“The easiest way to become a millionaire is to start off a billionaire and go into the airline business.”

– Richard Branson

Summary: Every investor uses social proof to filter dealflow; Ron Conway has a fund that uses social proof as the sole investment criterion. Angels should almost do more homework than a professional VC would—VCs invest other people’s money while angels invest their own. We should all be thankful that we live in a world in which VCs exist. Finally, the accelerating returns on innovation means that all of the value in the public markets will be shrunk and put in the hands of startups.

I’m not an investor. And maybe that’s a good thing. Because it means I don’t have an investment philosophy.

Naval has a personal investment philosophy that he uses for his own investments—it’s focused and it has nothing to do with social proof. But there is no AngelList investment philosophy. The site helps startups and investors connect and the rest is up to them.

On Social Proof

Almost every investor uses social proof to filter dealflow. They just call it a “personal intro” or a “referral”. In fact, it’s usually the first filter they apply.

If social proof is a good filter, is it also a good investment strategy? Can I make my entire investment decision based solely on social proof? Will I make money if I invest in a company just because Warren Buffet invested in it, as long as I get the same price as him?

As in all investment matters, the answer is “who knows”. When I share a startup on AngelList, I consider the company’s traction, product, team, and social proof—in that order. If you do a great job with an early item on that list, it doesn’t really matter how bad the later items look.

But some interesting people are pursuing the social proof strategy. Yuri Milner, Ron Conway, and David Lee created Start Fund to “blindly” invest in every Y Combinator startup. And several VC funds are set up to provide follow-on capital to startups backed by Sequoia, Benchmark, Khosla, and other tippity-top-tier venture funds.

On Angels

If you’re going to invest your own money in private companies, as an angel or otherwise, get educated. Read Mark Suster‘s series on angel investing. Listen to our (old and somewhat out of date) podcast on the topic.

Angels should almost do more homework than a professional VC would—VCs invest other people’s money but angels invest their own!

And don’t invest in a startup if you can’t lose all that money tomorrow, with a smile on your face. Frankly, I wouldn’t invest in anything if it didn’t meet that criterion (except money markets and very broad, low-fee index funds).

On VCs

We’ve gotten about half a dozen Series A’s and B’s funded on AngelList, and we have 400 happy VCs on the site. I think Marc Andreessen put it best, well before he became a VC:

“Why we should be thankful that we live in a world in which VCs exist, even if they yell at us during board meetings, assuming they’ll fund our companies at all:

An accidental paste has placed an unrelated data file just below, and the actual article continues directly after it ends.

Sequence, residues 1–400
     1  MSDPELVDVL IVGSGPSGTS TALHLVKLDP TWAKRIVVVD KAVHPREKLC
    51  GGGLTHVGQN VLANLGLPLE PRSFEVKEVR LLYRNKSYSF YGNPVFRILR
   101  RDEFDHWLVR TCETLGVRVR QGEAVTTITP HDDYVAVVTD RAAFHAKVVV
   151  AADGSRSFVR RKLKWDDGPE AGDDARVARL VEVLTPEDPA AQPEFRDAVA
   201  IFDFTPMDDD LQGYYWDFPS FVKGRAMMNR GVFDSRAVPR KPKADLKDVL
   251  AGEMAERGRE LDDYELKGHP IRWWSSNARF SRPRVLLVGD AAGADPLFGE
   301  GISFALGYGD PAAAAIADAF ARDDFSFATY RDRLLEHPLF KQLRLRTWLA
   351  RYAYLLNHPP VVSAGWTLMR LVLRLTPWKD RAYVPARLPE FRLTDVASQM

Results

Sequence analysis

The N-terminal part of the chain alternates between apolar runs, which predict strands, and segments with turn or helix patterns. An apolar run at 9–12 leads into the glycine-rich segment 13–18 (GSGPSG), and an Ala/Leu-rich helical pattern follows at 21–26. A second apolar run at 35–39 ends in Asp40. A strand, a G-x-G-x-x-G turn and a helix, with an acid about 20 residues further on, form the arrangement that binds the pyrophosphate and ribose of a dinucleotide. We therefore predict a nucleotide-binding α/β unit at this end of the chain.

“Imagine living in a world in which professional venture capital didn’t exist.

“There’s no question that fewer new high-potential companies would be funded, fewer new technologies would be brought to market, and fewer medical cures would be invented.”

On Startups

Startup valuations are up. That’s because capital is flowing into the system and, therefore, there is more demand. That’s a cyclical trend: the amount of available capital will go up and down and so will valuations.

But there are some secular trends that are driving up valuations.

First, many investors believe that the vast majority of returns come from a few new companies every year and, therefore, those companies attract a disproportionate amount of investor interest.

Second, startups are getting better at creating a market for their shares and unbundling capital, control, and advice. This is where AngelList can help.

Third, startups have become a (bit of a) science. Entrepreneurs are much smarter about the art of building companies than they were even five years ago.

Fourth, the accelerating returns on innovation means that all of the value in the public markets will be shrunk and put in the hands of startups. The NYSE alone has $14 trillion of value. NASDAQ has almost a trillion dollars of volume every day. Today’s startups are the heirs to that value.

Of course, today’s startups will be disrupted by more startups. And on and on, with shorter and shorter time cycles. But I don’t think big companies will hold onto this value. The principal-agent problem is too pervasive, among many other reasons that big companies are considered “dumb”.

[Click the links in this post, they’re all good.]

Topics AngelList · VC Industry

9 comments · Show

  • Pavan

    It’s interesting that Yuri Milner, Ron Conway, and David Lee blindly invested in every Y Combinator startup. That just made Y Combinator harder to get into, more competitive and more attractive for start up entrepreneurs to apply to. I wonder how many more start up applications Y Combinator received after news of what Yuri Milner, Ron Conway, and David Lee did.

  • Sal

    By social proof do you mean the social proof of having other people interested in investing? Or a substantial number of people using the website?
    I would think the latter is more important than the former, but what do i know!

  • Marshall Yount

    Great discussion on social proof and Angel List.

    You lost me late in the post with this comment:

    > But there are some secular trends that are driving up valuations irreversibly.